Max Peiffer Watenphul

To Prof. Johannes Itten, Zurich

Venice, January 27, 1947

Esteemed Herr Itten,

As I write you today after many long years, I do so with a request. Be assured that, over these years, I have always followed your work closely and spoken of you most often. The time in Weimar bound together strongly all the people who worked there. And it is very fine to see how everything that was only part of our small circle has now become widespread, even popular. I did very well until 1932. I developed quite organically. My work was recognized, and when I received the Prix de Rome in 1931 and the Carnegie Prize in 1933, I thought I would go on to enjoy the fruits of my labor. Unfortunately, there followed the year 1933: My works were removed from the museums, and I was forbidden to exhibit. And my painting from the Nationalgalerie in Berlin was hung at the “Degenerate Art” exhibition. At the time, I sought to emigrate. Lived in England and France, etc. But nothing went well, and so I withdrew to Italy, where I was able to live in the house of my Roman brother-in-law.

In 1941, the war forced me to return to Germany. At that time, I was offered a position at the textile school in Krefeld. There was such a shortage of men that recourse was made even to the “Degenerates.” There, I took over the class for graphic design. I found the work wonderful, and it might really have been perfect. I became, after a fashion, your successor: I had your studio and lived in your apartment on Steinstrasse. Then, there were the dreadful bombing raids. When my studio and all its contents were destroyed, I terminated my contract, which had two years left and departed disagreeable Krefeld for Salzburg, where, in prior years, I had run the enamel workshop with Maria Cyrenius. The years in Salzburg were lovely. I worked immensely and had great success there, including official purchases by the Albertina, etc. It was, in other words, a good period. After the war ended, however, it was remembered that I had German papers, and the abuse by the authorities began. The artists were most supportive of me, but over time, things became untenable: I had to leave. Since I had no relationships with Germany and had not lived there in so many years, I did not want to go back. Instead, I came here, where my mother and my relatives live.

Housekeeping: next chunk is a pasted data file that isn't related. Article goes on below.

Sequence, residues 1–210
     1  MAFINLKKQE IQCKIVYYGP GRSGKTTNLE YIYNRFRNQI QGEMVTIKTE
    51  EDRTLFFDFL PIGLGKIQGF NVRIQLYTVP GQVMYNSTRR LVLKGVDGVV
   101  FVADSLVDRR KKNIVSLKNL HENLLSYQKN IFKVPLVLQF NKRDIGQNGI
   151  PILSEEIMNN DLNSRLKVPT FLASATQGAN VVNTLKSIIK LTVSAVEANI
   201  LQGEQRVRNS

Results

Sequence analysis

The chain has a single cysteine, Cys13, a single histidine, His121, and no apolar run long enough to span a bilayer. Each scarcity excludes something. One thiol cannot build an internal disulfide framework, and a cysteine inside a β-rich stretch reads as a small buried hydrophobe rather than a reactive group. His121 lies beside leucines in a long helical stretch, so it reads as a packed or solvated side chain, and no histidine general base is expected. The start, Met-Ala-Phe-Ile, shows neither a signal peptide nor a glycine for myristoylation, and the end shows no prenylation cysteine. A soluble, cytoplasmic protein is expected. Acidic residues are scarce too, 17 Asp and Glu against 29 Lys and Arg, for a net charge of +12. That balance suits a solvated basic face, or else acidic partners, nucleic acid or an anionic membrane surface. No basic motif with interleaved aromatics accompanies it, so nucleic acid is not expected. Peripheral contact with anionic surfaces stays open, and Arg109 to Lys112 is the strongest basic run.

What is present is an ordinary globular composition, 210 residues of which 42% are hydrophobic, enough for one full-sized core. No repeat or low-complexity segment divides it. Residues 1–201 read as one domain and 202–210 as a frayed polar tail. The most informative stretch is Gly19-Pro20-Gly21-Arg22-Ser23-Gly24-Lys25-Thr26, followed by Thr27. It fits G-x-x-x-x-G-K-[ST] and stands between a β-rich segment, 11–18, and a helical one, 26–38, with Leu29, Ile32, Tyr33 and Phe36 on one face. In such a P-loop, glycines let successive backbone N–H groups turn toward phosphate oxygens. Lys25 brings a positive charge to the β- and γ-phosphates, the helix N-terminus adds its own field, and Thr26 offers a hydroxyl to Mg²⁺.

Unfortunately, I had hardly come into the house out of the rain before I found that a man, when he is German, is treated as a pariah. Here, I have no opportunities at all, am utterly without means, and must deal daily with lodging in a camp, identification, etc. Taken together, this is a wretched sum of a life in which one has worked, and perhaps also achieved so much. I have stacks of paintings here, but they are lying around and I cannot show them. Here, that cannot be, and a transport to Germany is impossible. In addition, I have not a penny to my name.

Now, I wished to ask you if you might see some kind of possibility for me there? I receive only rejections, but I think that someday there must come some positive response as well. And it is indeed grotesque that a painter who had to suffer under the Nazis as much as I did must now suffer doubly. Is there any kind of relief program for artists there? Opportunities for sales or exhibitions? Grants for a residence in Switzerland? You may be familiar with my abilities as well. Would you think it over a bit? I would be most grateful to you. Here, in Venice, in the winter, the cold and the damp, life is miserable. I can hardly paint. That oppresses me the most of all.

I hope to hear from you very soon. Even if you are absolutely unable to help me, I would be delighted to hear word of you.

I remain forever
your loyally devoted
Max Peiffer Watenphul

In: Max Peiffer Watenphul. Werkverzeichnis, vol. I. Grace Watenphul Pasqualucci and Alessandra Pasqualucci, eds. (Cologne, 1989).
© Prof. Dr. Klaus Itten
Publication by kind permission of Prof. Dr. Klaus Itten.